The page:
Feminism and historical revisioning

I am the first to admit that I am, and have been for years, something of a feminist. In my  youth I was rather aggressive about it. However, the one thing that always made me sit back with a rather perplexed look on my face is the historical revision that often accompanies this, particularly in various flavors of paganism, that was, even in my  youth, very hard to swallow. It is the so called Her-story (so called on the premise that history is from the male perspective and therefore leaves out important things about feminine history including matriarchy etc). The thing is that much of this her-story is fabricated, or created by taking a mythical element and off-centering it, and in the process typically villifying gods, if not utterly dismantling their domains and powers and reassigning them to various goddesses (though under the guise of giving back the original distribution overtaken by the male conquering Indo-european sky gods).

Now in Hellenic religion we have many wonderful myths and cults of goddesses, particularly that of the Great Goddesses (Demeter and Kore). However like all gods and myths, the are not set apart without interaction of other gods and goddesses taking place. There are many instances, for example, of Apollon and his twin Artemis having a prominent depiction in relation to these goddesses, not to mention Hermes! Therefore when dismantling happens something valuable and worthwhile is being thrown away as the gods play important parts in the mysteries for the journey of the soul and the journey of Persephone. It is hardly by mistake that in Messene, according to records of Pausanias, that is a great grove Apollon Karneios and an image of Hermes carrying a ram are near a statue of Hagne (another name for Persephone) in the very grove where the most important rites of Demeter and Kore occurred, so great that Pausanias describes them second only to those performed at Eleusis. Therefore we have a very clear problem here for anyone trying to issolate the goddesses and their worship from the presence and domains of other gods. Of course when entered into discussion with any such person they say that they practice the prehellenic traditions of Greece of the worship of the Great Mother and Persephone…all of which is really frustrating, especially considering that the mystery program at Samos is supposed to be of greater antiquity and featured a mother (Rhea) and son (Zeus) predominantly. Not to mention that there really isn’t evidence available for what any such cult, if it existed as such, even looked like. Certainly nothing that can be brought into an argument without a great deal of creative interpretation. And I am sorry but the killing or dispute with a female figure doesn’t necessary mean that it indicates an aboriginal conflict, though I have seen that used alot by her-story authors.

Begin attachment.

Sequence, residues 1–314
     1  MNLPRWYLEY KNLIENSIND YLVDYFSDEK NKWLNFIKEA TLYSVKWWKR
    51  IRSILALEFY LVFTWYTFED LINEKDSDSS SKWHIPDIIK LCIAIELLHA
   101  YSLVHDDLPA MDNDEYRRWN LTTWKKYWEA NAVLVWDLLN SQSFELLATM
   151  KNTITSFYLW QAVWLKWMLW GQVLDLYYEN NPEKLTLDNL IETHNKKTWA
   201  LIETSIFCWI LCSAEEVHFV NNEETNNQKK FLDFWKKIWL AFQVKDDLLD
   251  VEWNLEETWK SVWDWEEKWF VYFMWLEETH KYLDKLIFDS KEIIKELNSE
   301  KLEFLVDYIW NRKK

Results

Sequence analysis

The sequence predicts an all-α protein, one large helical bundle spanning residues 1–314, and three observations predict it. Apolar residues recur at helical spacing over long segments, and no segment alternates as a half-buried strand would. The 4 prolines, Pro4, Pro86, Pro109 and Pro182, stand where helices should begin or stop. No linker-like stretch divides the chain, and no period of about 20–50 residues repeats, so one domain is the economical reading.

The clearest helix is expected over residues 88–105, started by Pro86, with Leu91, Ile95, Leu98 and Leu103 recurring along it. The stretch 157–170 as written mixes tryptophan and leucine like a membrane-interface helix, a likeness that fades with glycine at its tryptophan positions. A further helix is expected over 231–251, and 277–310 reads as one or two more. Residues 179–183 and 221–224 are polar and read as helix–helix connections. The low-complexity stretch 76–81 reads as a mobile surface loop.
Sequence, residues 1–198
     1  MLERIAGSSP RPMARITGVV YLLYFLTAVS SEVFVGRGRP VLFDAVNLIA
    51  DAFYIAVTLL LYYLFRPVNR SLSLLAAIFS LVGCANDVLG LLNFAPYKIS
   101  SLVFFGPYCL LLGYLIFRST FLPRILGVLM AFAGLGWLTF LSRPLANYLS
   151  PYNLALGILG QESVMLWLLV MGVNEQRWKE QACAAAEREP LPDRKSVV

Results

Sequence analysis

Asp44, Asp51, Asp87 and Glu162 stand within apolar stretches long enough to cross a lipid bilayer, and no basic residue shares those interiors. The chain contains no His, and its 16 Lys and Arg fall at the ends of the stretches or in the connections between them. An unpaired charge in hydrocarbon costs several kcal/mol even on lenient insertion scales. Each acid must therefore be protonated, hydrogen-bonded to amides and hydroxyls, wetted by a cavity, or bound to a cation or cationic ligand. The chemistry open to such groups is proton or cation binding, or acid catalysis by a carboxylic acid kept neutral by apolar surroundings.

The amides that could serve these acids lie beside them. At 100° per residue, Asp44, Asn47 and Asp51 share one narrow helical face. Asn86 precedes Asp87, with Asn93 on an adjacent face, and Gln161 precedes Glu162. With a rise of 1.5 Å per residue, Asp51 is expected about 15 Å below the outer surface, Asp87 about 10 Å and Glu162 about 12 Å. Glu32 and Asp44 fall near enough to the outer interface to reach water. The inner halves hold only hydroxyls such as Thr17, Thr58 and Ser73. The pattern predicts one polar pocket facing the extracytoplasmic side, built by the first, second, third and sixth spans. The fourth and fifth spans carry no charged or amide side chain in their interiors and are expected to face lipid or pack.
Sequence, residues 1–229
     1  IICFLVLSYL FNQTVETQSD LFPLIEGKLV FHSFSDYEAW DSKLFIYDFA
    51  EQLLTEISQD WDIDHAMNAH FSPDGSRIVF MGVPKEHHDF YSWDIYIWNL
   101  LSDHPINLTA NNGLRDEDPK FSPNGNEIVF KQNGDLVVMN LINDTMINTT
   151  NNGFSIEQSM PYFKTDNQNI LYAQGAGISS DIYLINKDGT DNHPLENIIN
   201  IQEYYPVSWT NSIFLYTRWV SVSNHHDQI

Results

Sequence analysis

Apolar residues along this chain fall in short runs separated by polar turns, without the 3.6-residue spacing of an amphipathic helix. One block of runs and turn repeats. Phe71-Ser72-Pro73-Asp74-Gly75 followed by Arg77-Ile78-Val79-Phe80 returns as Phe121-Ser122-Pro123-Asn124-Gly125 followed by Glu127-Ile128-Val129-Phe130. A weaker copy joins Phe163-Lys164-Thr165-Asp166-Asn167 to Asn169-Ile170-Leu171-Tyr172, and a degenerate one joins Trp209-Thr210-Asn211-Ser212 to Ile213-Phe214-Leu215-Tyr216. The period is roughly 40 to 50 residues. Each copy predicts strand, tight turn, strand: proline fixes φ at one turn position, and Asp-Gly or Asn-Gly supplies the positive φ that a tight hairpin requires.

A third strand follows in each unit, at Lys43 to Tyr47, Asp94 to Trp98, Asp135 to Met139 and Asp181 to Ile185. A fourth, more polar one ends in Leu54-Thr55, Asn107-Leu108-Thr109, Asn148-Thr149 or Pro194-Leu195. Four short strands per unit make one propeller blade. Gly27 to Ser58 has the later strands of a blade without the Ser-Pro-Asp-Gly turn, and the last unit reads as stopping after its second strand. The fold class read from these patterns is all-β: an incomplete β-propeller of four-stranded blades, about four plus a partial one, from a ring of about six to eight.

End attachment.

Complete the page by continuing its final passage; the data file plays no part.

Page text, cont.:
But I think the villifying of the gods gets to me even more. I have seen people say outrigt tha they don’t like Apollon because he slayed the goddess Pythia. Now that gives me a pause for a few reasons. 1) Pythia wasn’t the name of a goddess, Pythia is a priestess of Apollon..though it is possible that like many other of Apollon’s epithets that Pythaea could have been attached to his twin, particularly as there are other versions of the myth that say she helped me to destroy the dragonness. 2) It was a dragonness, a great serpent, named Delphinia, an offspring of Gaia (as most dragons seemed to be, or offspring of other deities) and as such provided a kind of guardian role of a sacred spring. 3) the allegorical nature of myths means that you cannot just get the meaning by looking at what the myth is literally saying. Myths function with purpose, so it is a mistake to look at this myth and take away that it is a reminent of a god overtaking a goddess cult because you have a male god killing a female serpent. Even if she was a kind of semi-divine figure, there is no evidence of an achaic cult to the dragonness that I have ever read about…and in fact the local cult before the arrival of Apollon was that of Gaia. Now considering the rather volatile relationship that Gaia often has in myths with her divine descendants, turning in favor and against them alternately, it is not surprising that she resists the presence of Apollon initially. But it every myth you have a divine being who acts as a kind of opposition that a god or goddess must overcome. Hera is usually set in this position, but as she laid aside her anger at the birth of the twins, it is allotted to another divine figure. Gaia plays a great part because her oracles, those which came on dreams serve as a predecessor to the oracles of Apollon. The myth shows natural evolution at work as well as other things going on. Apollon, in a trade with Poseidon has gained Poseidon’s half of Delphi and therefore becomes a co-shareholder automatically with Gaia of the sacred area (which is populated by some goat-herds and the stream jealously guarded mythically by Delphinia), however Apollon takes an active role in Delphi. This doesn’t mean that Gaia is phased out or removed, and Apollon has epithets elsewhere that address him as being of the earth, and even his sacred luarel is born from the earth where she has swallowed Daphne according to one version of the myth. This doesn’t even account for the fact that Themis (who is acclaimed in several places, including by Aeschylus, whose family was a priest family of Eleusis) that Themis and the earth was the same, and was the very goddess who nursed the newborn infant Apollon, it sheds a new complexion on the matter. And then there is the fact that the serpent figures prominantly in many examples of art and iconary of the god. So for herstory pagans to come and say that Apollon is an invading god who overruns the oracle and kills the local goddess is so far off the mark that it is insulting. And of course this doens’t even get into what is said about other gods such as Zeus in particular.